Financial Meltdown Traced Back to Suburban Cul-de-sac

The Way We Live Now: In a cul-de-sac in Moreno Valley, California.The NYT has made it the national headquarters of recession-oriented media interest! Meanwhile, back in New York, the Hamptons crumble, and everyone's ready to kill to be a plumber.

To get to the bottom of this real estate crisis, the NYT basically opened a bureau on Beth Court in Moreno Valley, CA to chronicle how everyone is losing jobs and homes and shit. Did you read the million-word epic story yesterday? It was pretty good! But that was before I knew there would be another Beth Court story today, and probably another one tomorrow, until we are all screaming "I just do not care that much about the wavering job prospects of the Winkler family of Beth Court and all of their god damn neighbors! If I had wanted to watch '49 Up' I would have rented that documentary film, and watched it!"

The other problem here: while the NYT focuses its eyes hungrily on disputes over ice cream trucks among nosy neighbors in the Inland Empire, their very own city called New York City is going straight to hell, economically. Maybe you have not looked at the Hamptons real estate market since it was all crazy? Well now it is positively plebeian. Maybe you remember the days when young people in New York dreamed of being investment bankers? Now they dream of being plumbers. Artists? Now they are movers.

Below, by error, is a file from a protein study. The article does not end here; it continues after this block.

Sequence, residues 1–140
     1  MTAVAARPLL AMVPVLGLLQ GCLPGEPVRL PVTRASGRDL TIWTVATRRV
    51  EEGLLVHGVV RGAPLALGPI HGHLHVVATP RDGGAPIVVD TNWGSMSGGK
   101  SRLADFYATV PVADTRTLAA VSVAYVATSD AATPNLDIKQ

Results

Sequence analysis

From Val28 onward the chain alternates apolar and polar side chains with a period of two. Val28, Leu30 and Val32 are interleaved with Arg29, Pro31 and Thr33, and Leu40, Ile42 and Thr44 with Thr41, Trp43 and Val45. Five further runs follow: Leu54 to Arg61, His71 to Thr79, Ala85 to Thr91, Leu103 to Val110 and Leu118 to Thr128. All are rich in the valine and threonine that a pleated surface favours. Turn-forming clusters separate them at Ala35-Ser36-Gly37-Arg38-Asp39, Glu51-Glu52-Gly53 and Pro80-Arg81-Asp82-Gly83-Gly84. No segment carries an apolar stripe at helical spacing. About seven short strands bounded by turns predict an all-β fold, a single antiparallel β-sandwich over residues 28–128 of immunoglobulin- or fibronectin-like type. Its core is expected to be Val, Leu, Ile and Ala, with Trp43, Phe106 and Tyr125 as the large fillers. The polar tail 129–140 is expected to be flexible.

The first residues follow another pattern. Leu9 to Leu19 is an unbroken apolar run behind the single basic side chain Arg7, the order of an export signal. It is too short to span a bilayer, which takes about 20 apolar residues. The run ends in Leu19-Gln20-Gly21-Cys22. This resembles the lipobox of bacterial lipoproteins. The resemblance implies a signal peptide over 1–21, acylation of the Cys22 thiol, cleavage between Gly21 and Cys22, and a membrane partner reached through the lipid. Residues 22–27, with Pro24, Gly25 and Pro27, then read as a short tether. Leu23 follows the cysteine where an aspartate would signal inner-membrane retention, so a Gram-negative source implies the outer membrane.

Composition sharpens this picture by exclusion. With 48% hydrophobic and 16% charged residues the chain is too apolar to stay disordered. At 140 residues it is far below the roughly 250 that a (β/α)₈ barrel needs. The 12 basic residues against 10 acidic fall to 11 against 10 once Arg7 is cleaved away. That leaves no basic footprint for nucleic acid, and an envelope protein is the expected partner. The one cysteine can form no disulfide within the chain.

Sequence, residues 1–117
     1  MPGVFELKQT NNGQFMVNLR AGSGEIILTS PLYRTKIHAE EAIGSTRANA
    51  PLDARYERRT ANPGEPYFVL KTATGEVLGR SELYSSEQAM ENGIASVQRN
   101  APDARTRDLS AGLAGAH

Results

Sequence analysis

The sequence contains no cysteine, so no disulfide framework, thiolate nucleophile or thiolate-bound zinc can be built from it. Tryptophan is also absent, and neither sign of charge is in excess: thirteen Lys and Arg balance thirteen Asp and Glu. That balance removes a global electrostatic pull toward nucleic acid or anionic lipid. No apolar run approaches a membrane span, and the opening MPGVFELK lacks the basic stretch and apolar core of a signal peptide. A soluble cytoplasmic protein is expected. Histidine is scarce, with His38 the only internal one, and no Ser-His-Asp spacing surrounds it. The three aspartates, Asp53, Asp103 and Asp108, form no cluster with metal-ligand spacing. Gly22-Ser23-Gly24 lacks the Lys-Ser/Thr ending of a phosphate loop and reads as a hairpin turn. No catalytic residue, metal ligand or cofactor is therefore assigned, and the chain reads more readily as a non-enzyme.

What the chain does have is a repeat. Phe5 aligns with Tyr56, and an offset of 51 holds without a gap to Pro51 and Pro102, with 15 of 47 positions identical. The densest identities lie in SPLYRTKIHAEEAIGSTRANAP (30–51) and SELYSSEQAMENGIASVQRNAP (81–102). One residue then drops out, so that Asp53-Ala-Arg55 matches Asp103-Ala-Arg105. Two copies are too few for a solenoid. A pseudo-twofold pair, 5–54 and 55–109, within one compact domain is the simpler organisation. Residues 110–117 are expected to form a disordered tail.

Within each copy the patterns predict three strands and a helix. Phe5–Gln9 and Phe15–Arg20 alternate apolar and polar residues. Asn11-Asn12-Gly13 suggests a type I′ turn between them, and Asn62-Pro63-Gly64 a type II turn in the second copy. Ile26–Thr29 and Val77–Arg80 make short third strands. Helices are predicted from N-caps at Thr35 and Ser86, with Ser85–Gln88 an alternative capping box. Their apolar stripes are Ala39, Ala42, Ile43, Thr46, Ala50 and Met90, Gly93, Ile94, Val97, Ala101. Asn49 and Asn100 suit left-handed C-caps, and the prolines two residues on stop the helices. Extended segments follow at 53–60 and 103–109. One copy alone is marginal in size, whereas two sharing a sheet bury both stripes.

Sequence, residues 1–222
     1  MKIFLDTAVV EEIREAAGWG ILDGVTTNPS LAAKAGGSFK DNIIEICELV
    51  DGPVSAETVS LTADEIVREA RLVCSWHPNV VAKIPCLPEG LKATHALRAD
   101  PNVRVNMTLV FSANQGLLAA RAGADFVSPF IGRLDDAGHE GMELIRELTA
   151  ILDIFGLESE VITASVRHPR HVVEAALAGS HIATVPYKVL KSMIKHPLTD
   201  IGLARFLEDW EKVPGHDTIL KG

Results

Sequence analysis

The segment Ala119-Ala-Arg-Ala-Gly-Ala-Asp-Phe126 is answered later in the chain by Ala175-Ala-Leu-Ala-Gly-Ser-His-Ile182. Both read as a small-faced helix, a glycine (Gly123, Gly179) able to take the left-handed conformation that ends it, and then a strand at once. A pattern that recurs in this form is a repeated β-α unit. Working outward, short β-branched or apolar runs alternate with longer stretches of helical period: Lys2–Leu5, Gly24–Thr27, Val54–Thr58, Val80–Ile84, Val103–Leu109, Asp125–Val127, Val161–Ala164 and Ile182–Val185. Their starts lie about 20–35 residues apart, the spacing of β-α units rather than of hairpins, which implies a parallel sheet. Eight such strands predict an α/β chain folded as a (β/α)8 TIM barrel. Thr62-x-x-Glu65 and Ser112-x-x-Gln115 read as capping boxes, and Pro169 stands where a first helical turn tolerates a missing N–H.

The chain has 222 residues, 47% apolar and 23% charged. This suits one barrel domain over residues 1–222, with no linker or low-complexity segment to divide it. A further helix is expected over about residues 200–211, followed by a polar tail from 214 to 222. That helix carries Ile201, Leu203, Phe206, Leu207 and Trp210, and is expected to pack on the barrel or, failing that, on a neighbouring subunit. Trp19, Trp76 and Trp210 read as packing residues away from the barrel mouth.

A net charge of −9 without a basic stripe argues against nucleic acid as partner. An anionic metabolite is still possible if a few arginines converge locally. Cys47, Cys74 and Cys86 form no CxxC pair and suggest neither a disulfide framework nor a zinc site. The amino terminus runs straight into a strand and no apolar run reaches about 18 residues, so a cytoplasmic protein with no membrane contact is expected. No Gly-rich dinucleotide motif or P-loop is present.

Crime still exists, in New York, where people take money from other people, by force, because one person wants money because of the recession.

So sure, sure, we're sure the minutiae of eight families living in a godforsaken suburban cul-de-sac in Hellville, California, are interesting and offer a glimpse at one small slice of the larger economic narrative of blah blah blah and the "mayor" of the street who calls the cops on the neighbors, is that guy a dick or what? Just don't forget us, media—the poor aspiring plumbing apprentices of New York. Because plumbers make way more than reporters.
[Pic via]